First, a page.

United States Congressional-Executive Commission on China, Chris Smith voiced his support for Taiwan and called on America to eliminate double taxation between the two nations in a meeting with Taipei Representative to the US Hsiao Bi-khim, according to Focus Taiwan.
“Taiwanese investors pay three times the tax rate on dividends compared to investors from China, which gets even more preferential treatment than our allies Australia and South Korea,” Smith said in a statement. According to Smith, it is unreasonable that Taiwanese investors are penalised with double taxation, especially when Taiwan is investing to manufacture semiconductors in the US.
Last week Thursday, a statement released by the US Congressional-Executive Commission on China, where Smith cited the example that while investors from China are buying farmland near strategically-sensitive locations, Taiwan is investing roughly USD40 billion to build semiconductor factories in the US, reported Focus Taiwan.
Taiwna’s top envoy Hsiao Bi-khim met Chris Smith and discussed a number of issues relating to Taiwan’s security needs and the Chinese Communist Party’s security threats.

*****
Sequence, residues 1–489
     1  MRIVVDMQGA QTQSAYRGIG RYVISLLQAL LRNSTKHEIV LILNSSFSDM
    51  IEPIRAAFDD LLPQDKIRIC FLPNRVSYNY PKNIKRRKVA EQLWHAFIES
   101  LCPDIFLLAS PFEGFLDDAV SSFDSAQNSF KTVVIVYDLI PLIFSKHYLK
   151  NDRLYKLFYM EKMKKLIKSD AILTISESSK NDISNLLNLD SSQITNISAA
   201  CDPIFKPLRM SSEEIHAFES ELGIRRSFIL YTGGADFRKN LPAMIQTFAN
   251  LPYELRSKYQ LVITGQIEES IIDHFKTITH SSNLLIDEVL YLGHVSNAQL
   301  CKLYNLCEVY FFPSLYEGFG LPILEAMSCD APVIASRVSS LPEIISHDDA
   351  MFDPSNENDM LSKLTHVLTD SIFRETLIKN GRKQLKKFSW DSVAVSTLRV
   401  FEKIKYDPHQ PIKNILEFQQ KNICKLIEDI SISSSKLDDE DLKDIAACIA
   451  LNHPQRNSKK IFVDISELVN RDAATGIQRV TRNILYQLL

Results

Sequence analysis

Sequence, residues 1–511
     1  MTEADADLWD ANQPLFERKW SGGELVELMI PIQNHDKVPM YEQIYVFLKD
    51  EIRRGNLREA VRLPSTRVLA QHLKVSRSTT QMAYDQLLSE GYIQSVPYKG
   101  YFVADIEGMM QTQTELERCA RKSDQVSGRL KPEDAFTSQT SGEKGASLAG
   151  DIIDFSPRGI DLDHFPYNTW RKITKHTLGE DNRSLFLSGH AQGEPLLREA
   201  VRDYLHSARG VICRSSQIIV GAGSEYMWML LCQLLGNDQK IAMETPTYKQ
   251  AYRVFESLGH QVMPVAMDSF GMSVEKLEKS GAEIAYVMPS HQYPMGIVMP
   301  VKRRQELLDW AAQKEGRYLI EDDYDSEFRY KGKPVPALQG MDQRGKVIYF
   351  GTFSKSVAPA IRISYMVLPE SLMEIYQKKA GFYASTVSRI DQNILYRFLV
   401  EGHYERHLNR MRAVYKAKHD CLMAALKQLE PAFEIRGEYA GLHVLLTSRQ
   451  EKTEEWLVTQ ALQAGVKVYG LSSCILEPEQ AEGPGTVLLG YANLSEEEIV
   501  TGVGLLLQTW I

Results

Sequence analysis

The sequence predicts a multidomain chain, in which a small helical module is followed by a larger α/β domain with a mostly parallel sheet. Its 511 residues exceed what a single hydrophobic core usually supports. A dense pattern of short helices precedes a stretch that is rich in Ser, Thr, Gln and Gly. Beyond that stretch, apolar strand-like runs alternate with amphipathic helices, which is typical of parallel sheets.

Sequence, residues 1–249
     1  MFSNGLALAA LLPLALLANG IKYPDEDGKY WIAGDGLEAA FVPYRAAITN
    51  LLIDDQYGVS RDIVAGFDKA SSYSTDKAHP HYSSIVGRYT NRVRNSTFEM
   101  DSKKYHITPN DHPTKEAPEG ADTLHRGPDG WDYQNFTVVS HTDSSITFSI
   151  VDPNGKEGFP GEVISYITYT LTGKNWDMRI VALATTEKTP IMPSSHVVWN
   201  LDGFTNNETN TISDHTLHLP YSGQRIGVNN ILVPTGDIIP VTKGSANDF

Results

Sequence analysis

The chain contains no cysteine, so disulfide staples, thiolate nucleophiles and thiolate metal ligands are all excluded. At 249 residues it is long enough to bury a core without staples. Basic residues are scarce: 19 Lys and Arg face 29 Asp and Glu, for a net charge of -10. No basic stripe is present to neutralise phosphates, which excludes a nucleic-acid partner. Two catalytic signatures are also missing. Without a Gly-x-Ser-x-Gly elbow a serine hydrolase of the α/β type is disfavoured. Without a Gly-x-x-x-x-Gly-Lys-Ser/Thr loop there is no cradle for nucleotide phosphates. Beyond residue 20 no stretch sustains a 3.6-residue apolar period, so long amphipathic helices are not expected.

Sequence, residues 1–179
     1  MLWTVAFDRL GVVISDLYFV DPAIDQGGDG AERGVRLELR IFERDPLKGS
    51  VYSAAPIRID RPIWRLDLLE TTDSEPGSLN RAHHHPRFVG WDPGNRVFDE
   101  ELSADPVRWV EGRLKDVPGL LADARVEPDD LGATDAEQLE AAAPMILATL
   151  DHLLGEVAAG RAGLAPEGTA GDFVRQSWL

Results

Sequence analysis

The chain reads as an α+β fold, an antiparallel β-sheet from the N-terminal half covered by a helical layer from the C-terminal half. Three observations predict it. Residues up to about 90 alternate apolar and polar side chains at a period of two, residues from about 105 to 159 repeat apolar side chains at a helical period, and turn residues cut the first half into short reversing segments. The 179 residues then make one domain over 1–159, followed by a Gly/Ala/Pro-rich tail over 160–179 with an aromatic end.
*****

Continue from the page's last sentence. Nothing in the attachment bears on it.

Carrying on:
“The US should be disincentivising investment from Communist China while encouraging investment from democratic Taiwan-not the other way around,” he said.
Discussing Taiwan’s security needs and the Chinese Communist Party’s security threats, Smith said, “Taiwan is a beacon of freedom and a great strategic partner who respects human rights and shares our values and aspirations.”
During the meeting, he said the US must stand firmly with Taiwan to counter the growing threat posed by the communist regime under Chinese President Xi Jinping, not only to Taiwan but also to US national security.
Meanwhile, he also personally thanked Taiwan for its donation of 300,000 medical masks to New Jersey residents in the early days of the COVID-19 pandemic, Focus Taiwan reported.
The Taipei Economic and Cultural Representative Offices in the US and in New York assisted quickly after he contacted them amid a dire mask shortage in the state in the early days of the COVID-19 pandemic, Smith said.
“The people of Taiwan were there for us when we were facing the worst of COVID-19, and we must have their backs in their own time of need,” Smith added.